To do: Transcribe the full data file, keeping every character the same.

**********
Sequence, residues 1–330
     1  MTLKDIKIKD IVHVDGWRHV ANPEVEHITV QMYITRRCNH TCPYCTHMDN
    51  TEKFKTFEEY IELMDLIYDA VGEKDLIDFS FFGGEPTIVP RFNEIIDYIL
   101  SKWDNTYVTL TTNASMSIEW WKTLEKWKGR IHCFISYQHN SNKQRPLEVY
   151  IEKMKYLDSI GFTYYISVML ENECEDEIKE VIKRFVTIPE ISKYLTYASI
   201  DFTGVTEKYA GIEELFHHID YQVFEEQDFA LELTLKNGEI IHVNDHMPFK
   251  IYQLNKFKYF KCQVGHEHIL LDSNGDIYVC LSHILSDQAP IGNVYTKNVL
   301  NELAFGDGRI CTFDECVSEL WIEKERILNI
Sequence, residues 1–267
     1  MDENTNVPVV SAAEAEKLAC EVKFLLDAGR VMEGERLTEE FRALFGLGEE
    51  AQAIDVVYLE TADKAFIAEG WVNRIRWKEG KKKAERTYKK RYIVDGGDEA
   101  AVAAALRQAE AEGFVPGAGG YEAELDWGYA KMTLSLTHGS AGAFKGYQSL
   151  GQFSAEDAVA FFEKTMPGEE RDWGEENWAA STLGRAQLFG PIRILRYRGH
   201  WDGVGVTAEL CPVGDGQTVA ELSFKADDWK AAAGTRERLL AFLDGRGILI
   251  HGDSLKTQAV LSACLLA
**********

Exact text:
Sequence, residues 1–330
     1  MTLKDIKIKD IVHVDGWRHV ANPEVEHITV QMYITRRCNH TCPYCTHMDN
    51  TEKFKTFEEY IELMDLIYDA VGEKDLIDFS FFGGEPTIVP RFNEIIDYIL
   101  SKWDNTYVTL TTNASMSIEW WKTLEKWKGR IHCFISYQHN SNKQRPLEVY
   151  IEKMKYLDSI GFTYYISVML ENECEDEIKE VIKRFVTIPE ISKYLTYASI
   201  DFTGVTEKYA GIEELFHHID YQVFEEQDFA LELTLKNGEI IHVNDHMPFK
   251  IYQLNKFKYF KCQVGHEHIL LDSNGDIYVC LSHILSDQAP IGNVYTKNVL
   301  NELAFGDGRI CTFDECVSEL WIEKERILNI
Sequence, residues 1–267
     1  MDENTNVPVV SAAEAEKLAC EVKFLLDAGR VMEGERLTEE FRALFGLGEE
    51  AQAIDVVYLE TADKAFIAEG WVNRIRWKEG KKKAERTYKK RYIVDGGDEA
   101  AVAAALRQAE AEGFVPGAGG YEAELDWGYA KMTLSLTHGS AGAFKGYQSL
   151  GQFSAEDAVA FFEKTMPGEE RDWGEENWAA STLGRAQLFG PIRILRYRGH
   201  WDGVGVTAEL CPVGDGQTVA ELSFKADDWK AAAGTRERLL AFLDGRGILI
   251  HGDSLKTQAV LSACLLA